1) About re-educating yourself. I agree the passion has to be there to sustain that sort of leap. I went back to College at age 56, got myself yet another degree (my 3rd) for my trouble and readily found employment. But now after little more than 2 years I want out.
2) Re following the next big thing. Why are we so susceptible to this? Despite the no-doubt soundness of that advice I’m not taking it tonight – am going to buy your fantastically rich Thesis WP theme anyways! It’s a must-have.
3) Thanks for the advice re the absolute worth of creating great content. This now reinforces how important it is for me to have a laser-like focus on delivering value.

Thanks for a great site.
— Stew


Crazyhorse August 21, 2009

You can become entrepreneur regardless of age, status in life and if you are still working with your employer or not a free-lance businessman.

Everybody has the entrepreneurial skill but the only difference is how your skill been developed. I got my entrepreneurial spirit after a one time seminar from the networking company before, although I did not earn million bucks from it I did not lose hope. I have realized that if you engage yourself into your own business you will get better benefit from it than getting your fixed monthly income from your employer.
I had been motivated with the seminar and after that my plans in life had changed.
You can become entrepreneur if you know that you could make millions out of your own business than to tie yourself in a company of not your own! If you are dreaming of financial freedom then go into business. You must learn to save money for your plan of business
If before you calculated your savings as shown below:
Income – Expenses = Savings

then it is now the right time to change it to:
Income – Savings = Expenses

From your savings, put up a small business and you must calculate the risk as well. Make a conservative calculation and be contended if you could only learn small money from it which is enough to buy dog food for your Labrador or Chihuahua. Do not be afraid to explore new things and ideas. Try and try until you become successful.

You need to be motivated every moment in your life and do not lose hope. Be inspired from Abraham Lincoln’s story which he failed into business and public office for many times and yet he became the president of the United States!

To become an entrepreneur you should start it and not just dream about it!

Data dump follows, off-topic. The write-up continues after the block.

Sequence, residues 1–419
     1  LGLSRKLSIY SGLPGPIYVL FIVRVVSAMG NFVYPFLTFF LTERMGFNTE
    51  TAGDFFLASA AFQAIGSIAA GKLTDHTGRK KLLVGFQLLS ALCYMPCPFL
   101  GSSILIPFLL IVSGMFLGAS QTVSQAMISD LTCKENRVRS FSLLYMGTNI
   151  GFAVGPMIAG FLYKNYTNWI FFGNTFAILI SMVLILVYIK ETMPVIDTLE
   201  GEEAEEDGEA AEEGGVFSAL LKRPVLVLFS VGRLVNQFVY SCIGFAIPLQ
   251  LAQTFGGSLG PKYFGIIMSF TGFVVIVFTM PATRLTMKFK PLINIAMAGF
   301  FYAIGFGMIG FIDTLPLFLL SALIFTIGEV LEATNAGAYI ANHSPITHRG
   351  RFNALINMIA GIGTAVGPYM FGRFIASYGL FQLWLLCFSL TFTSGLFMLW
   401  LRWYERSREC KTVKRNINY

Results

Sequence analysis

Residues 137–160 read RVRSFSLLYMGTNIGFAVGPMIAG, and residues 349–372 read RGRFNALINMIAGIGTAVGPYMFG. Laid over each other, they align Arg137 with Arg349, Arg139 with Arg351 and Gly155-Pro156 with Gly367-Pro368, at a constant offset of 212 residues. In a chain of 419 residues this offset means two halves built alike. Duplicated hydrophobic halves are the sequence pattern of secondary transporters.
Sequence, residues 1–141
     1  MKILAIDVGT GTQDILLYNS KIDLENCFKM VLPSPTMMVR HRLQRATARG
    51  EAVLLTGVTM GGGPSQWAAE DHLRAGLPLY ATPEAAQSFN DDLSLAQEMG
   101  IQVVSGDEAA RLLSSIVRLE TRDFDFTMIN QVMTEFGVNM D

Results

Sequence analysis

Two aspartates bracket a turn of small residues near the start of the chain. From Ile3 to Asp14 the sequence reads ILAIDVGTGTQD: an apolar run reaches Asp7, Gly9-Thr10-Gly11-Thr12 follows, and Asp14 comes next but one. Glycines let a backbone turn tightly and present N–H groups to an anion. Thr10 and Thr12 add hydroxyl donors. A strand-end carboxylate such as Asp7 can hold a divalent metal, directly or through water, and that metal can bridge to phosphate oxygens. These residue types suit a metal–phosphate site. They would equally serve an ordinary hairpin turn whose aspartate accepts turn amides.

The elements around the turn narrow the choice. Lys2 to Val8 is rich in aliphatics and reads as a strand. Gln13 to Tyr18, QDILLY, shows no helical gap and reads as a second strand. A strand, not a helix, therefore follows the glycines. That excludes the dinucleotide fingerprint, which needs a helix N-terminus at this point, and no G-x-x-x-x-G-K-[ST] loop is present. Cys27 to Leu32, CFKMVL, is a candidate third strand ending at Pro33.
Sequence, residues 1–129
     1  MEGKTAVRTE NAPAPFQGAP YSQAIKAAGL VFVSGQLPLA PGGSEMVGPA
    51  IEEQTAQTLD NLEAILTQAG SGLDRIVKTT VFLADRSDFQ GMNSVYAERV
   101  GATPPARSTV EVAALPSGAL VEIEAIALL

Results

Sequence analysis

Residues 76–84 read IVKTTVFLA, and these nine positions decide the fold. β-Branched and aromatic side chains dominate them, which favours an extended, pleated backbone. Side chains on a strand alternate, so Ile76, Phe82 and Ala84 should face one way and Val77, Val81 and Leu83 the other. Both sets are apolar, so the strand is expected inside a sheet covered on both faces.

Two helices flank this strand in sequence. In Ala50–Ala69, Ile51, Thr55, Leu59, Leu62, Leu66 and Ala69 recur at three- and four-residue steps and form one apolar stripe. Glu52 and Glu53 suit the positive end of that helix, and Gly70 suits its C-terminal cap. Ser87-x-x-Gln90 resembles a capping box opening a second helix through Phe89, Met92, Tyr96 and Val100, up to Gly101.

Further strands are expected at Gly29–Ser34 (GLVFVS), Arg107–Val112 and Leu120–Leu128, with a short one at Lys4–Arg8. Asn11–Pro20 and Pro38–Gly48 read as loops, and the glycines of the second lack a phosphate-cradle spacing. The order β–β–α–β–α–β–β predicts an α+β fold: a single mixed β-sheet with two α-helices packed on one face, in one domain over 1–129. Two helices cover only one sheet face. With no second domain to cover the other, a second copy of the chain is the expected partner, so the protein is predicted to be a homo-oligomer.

Counselor October 9, 2009

Well said. Stop talking about it and get out and do it!


Gav October 16, 2009

Great article with a lot of great tips


Amy November 16, 2009

Love your article. Inspiring!


C. B. Osakwe November 18, 2009

This is really practical. I’m impressed. But the fact is, you cannot really do without college education because therein lies the foundation which will later help in your future endeavours. Education no matter how you look it is very very important. I’m saying this because some students might get hold of this information and decide to call off their education.

Thump up for you. I will have to sit down with your write up and put good use to it. I need it badly now.

Chinwe, Nigeria.


Thobile May 10, 2010

i am realy motivated by this article and comments.i am a student who is realy passionate about being a businesswoman but problem is i don’t have an idea what kind of a business i want.when i come up with ideas,people say i must think please advice me,i realy need help.


Lexie May 19, 2010

Due to my soul-sucking corporate career, and my recent need to flee, I have been feeling very alone and out of place. It’s not like I can go to my boss and tell her I am sick of the [useless] yoke that is my job.

Thanks a bunch for sticking your story out there for all the world to read. :)

I recently realized that I have very few hobbies, and it’s because I have very little time for hobbies, because of my DAY JOB! (and college, which I am basically forced to attend because of my DAY JOB).

I agree with you completely that college is moderately unnecessary, depending on how driven of a person you are. If, in the words of NickTart – Junior Biz, people really do feel that they “have trouble pursuing their education if they aren’t graded on it”, then maybe they aren’t cut out for the freedom of running their own show. You have to be your own judge, and stop caring (to an extent) about whether or not others approve of your out-of-the-box ideas.